Soundwise, it's raw doom metal played at a fast, thrashy tempo. The thrash disappears from time to time as it slows down into pure doom. There are extended instrumental breaks punctuated by sing-song thrash style vocals. It's a decent album, and while no means essential, fans of early doom/thrash may be interested in revisiting this obscure album.
Infanticide – 'Misconception of Hope' (Willowtip)
Following the blood-mottled boots of Swedish grind acts Nasum and Gadget, Infanticide have returned with their third full-length album Misconception of Hope, a thundering 19-track excursion of death metal riffs ripped off with hellfire velocity.
Alive with a grievous punk spirit, the album’s ground-trembling production job lends it a weight most grindcore efforts sorely lack. The guitar tone is immense, the bass is fuzzed out and ugly, and the drums blast mercilessly when the band aren’t skidding to a mid-tempo chug-a-thon like they do on “99 Percent Uncertainty” or “Monokrom Vardag.” The dual vocal attack is an acquired taste, but Misconception of Hope should hang on as one of the year’s better grind albums.
Nekrogoblikon – 'Power' (Goblin)
Genre: Progressive Death Metal
Since troll metal has managed to be established as a niche subgenre by bands like Finntroll and TrollfesT, it seems like it was only a mater of time before Goblin metal reared it's green and twisted head. Combining elements of folk, pagan, and symphonic death metal, Nekrogoblikon's latest EP Power is relentlessly high-energy and intensely enjoyable. The production is sleek, slick and huge, allowing the playful instrumentation to shine but never overtake the fiery guitar work.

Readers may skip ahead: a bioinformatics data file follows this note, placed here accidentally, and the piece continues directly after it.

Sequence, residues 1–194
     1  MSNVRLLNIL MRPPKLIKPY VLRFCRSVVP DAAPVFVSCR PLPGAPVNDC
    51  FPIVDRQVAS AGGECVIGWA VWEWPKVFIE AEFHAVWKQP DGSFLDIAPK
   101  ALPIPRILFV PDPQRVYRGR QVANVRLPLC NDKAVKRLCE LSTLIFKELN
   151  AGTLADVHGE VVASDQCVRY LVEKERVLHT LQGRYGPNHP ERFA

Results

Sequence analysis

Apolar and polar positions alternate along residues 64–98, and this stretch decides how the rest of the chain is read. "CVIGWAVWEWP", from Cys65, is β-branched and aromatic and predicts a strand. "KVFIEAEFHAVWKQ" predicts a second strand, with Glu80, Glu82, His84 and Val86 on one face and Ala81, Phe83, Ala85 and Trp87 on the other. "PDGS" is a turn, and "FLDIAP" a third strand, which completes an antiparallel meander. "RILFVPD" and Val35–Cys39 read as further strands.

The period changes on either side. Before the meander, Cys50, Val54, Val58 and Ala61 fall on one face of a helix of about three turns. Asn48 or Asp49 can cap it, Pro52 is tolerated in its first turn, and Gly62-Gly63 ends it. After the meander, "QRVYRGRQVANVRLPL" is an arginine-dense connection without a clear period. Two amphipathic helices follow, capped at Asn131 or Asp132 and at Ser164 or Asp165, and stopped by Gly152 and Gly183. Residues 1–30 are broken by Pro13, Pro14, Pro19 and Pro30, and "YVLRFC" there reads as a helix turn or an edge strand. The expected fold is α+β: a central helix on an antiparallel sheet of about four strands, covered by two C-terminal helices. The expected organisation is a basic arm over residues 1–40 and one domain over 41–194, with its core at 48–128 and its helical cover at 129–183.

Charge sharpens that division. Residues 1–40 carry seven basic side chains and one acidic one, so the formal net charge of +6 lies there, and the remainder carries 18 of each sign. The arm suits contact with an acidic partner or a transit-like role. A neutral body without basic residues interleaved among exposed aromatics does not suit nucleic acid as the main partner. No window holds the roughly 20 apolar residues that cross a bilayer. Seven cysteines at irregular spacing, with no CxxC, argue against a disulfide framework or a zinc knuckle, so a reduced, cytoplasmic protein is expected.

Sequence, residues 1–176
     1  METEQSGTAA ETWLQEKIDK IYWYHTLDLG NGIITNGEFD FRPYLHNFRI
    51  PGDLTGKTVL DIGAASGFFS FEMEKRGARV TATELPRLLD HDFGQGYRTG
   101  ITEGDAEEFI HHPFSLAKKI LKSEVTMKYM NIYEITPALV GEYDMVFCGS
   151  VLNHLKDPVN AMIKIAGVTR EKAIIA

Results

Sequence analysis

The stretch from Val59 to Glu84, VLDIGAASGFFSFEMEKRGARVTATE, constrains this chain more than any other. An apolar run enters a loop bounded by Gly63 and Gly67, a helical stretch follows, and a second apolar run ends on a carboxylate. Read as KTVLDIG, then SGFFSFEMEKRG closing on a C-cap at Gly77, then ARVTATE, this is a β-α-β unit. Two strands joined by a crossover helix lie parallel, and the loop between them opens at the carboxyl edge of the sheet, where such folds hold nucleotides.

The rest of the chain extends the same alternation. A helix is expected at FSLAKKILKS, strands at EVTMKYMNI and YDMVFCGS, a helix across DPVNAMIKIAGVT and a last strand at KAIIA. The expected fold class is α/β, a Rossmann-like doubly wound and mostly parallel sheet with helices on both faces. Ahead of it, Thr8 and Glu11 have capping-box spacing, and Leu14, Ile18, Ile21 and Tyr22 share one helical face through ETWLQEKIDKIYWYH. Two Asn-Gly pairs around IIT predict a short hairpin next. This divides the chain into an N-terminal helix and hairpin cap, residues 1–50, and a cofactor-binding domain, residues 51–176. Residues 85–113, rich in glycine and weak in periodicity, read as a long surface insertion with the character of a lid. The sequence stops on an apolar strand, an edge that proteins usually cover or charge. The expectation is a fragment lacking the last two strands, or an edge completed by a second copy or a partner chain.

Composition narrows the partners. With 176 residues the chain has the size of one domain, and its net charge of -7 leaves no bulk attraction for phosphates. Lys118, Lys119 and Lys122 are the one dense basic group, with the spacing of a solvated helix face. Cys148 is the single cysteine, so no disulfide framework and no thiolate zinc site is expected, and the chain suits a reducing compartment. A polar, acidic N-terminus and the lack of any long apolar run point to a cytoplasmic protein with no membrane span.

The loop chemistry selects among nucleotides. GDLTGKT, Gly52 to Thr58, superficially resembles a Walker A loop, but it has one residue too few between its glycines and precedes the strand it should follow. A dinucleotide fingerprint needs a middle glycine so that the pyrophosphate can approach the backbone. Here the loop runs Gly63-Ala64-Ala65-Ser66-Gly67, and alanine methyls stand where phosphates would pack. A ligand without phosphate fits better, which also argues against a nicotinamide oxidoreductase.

There's a lot of classic power metal riffs here, and there is even some thrash songwriting on “Powercore.” Power is at once relentlessly epic in pace, shamelessly weird, and wildly fun from start to finish, especially if you like metal that doesn't take itself too seriously.
Northless – 'World Keeps Sinking' (Gilead)
Genre: Sludge Metal
Northless’ sophomore album World Keeps Sinking has left me in a bit of a quandary. I like the way it feels, not the way it sounds. They have that patented dinosaur-footsteps-through-the-woods aesthetic down to a T, and the wispy melodies that flit in and out of the mix are requisitely textured. Everything you’d expect from a sludge album is in place. What’s not in place, however, is a sense of pacing.
It’s well played, but the counterpoint between the heavy and the soft parts isn’t as well nuanced as I’d have liked. World Keeps Sinking represents a plateau of sorts – one that rarely hits those well accentuated peaks and valleys that I need in my sludge.
Genre: Death Metal
Expanding Toward Collapsed Lungs is Saprogenic’s first album is seven years. In today’s world, that’s long enough to not know who they are. Know this: Saprogenic play blistering death metal with a classic American style. On Expanding..., they put the hammer down and go right for the throat.